by Dean Davison

What’s the No. 1 Enemy of Outsourcing? Not Economic Recession.

Jan 05, 20093 mins

Recessions drive cost cutting initiatives and offshoring and IT outsourcing are obvious solutions for many companies. So what's the hang up?

As the economy worsens, the prospects for outsourcing and offshoring improve. Throughout 2008, the key word for the economy was “uncertainty.” While facing uncertainty, CIOs avoided significant changes to internal organizations or operations, including evaluating or implementing outsourcing. Most outsourcing initiatives are driven by a strong need for change and “economic uncertainty” hindered that need.

Now that the economy is officially in a recession and the 2009 outlook is dire, two changes are taking place. First, CIOs are making cuts to projects and programs, including those staffed by outsourcing firms. Second, beginning in 2009, IT organizations will pursue outsourcing as a method to reduce costs.

Cost Cutting

As CIOs mandate immediate program cuts, some will inevitably impact existing outsourcing agreements. The software development services market, including globalization, will feel the majority of the impact as discretionary projects are cut. At the same time, customers with infrastructure contracts indicate that they are already increasing pressure on existing providers. For companies that have outsourced a majority of their infrastructure, the outsourcing provider is one of the few place to look for potential cost reductions. Financial analysts will continue the “doomsday” forecast for outsourcing providers as they see reductions to current contracts as a foreboding omen to industry growth.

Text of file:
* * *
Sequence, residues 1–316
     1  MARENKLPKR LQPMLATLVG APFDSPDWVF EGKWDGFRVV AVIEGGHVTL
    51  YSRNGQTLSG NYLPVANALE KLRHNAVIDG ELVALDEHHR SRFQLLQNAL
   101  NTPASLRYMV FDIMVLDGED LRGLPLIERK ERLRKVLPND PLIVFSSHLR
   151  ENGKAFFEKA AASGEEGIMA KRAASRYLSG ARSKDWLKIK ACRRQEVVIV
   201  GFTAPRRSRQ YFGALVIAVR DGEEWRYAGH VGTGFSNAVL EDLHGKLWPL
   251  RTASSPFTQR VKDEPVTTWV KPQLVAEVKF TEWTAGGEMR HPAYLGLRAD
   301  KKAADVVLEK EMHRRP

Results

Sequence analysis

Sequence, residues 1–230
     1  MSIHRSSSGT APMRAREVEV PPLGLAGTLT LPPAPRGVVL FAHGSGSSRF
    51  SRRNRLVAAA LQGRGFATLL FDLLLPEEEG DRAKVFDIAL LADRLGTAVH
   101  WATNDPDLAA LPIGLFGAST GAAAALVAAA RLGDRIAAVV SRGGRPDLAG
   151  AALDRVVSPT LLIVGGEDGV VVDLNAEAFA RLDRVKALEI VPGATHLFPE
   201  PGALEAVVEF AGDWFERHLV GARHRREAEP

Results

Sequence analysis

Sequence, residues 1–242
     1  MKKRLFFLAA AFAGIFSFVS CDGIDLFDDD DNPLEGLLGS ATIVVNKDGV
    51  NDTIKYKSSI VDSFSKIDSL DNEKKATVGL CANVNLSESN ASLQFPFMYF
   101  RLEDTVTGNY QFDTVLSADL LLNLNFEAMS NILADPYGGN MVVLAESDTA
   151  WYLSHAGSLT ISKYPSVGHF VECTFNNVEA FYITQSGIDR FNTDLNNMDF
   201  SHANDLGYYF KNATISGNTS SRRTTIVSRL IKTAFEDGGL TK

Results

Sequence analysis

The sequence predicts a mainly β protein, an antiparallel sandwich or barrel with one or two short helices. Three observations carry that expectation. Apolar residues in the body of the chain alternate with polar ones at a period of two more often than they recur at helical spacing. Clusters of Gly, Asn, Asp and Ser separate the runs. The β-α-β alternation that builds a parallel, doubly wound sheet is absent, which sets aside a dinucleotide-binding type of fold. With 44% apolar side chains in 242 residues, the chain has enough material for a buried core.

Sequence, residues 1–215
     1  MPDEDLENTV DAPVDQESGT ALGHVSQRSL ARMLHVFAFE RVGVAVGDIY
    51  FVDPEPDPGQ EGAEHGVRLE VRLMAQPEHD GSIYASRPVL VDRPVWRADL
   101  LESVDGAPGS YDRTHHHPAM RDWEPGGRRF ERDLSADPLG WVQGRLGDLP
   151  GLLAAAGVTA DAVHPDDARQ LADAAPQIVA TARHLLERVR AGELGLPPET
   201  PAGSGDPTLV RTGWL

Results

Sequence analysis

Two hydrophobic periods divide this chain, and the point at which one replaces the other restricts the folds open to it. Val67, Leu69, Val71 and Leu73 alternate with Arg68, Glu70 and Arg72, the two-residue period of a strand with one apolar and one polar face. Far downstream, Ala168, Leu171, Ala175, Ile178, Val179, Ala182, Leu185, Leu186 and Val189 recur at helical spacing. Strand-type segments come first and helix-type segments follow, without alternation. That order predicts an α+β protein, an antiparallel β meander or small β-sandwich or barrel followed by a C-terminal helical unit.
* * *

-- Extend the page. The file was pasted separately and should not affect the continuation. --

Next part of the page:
Near term, clients and providers alike are agreeing to reduce prices, resulting in short-term price deflation. Large clients are under pressure to reduce costs; large vendors are under pressure to sign contracts. Even the largest offshore providers are reportedly agreeing to lower prices with select clients.

Increased Outsourcing

Evaluating outsourcing requires 3 to 9 months for an IT organization. The company begins to consider outsourcing as an option, determine services to outsource, and finally evaluate providers. Given the length of this process, changes will not appear in provider financials before March 2009, even for clients that are already beginning to consider new outsourcing initiatives.

Moreover, cost savings from outsourcing are not immediate. While simple contracts such as staff augmentation can realize savings within a few weeks, financial benefits from complex projects can take six months or more. CIOs embarking on outsourcing evaluations are cognizant of the time required for financial returns and usually align projects with internal budget cycles, meaning that CIOs will begin in early 2009 and expect to show results during the same calendar year.

Market changes will appear to reduce outsourcing, but within 3 to 4 months, outsourcing providers will report an increase in sales channel activity and resume announcing new contracts. Globalization companies will benefit the most, but the impact will include all outsourcing services and hybrid solutions such as Software as a Service (SaaS) as well. As the market recovers, service providers will return to their core business of delivering services and reducing costs mandated by CIOs.

Dean Davison is a leading authority on the subjects of outsourcing and globalization. He has published hundreds of articles and facilitated coaching sessions with CIOs on six continents in regards to outsourcing and globalization. He began his outsourcing work at META Group and had also worked at firms such as EDS, neoIT, and now Collabera, a $300M, privately-held globalization provider headquartered in Morristown, NJ.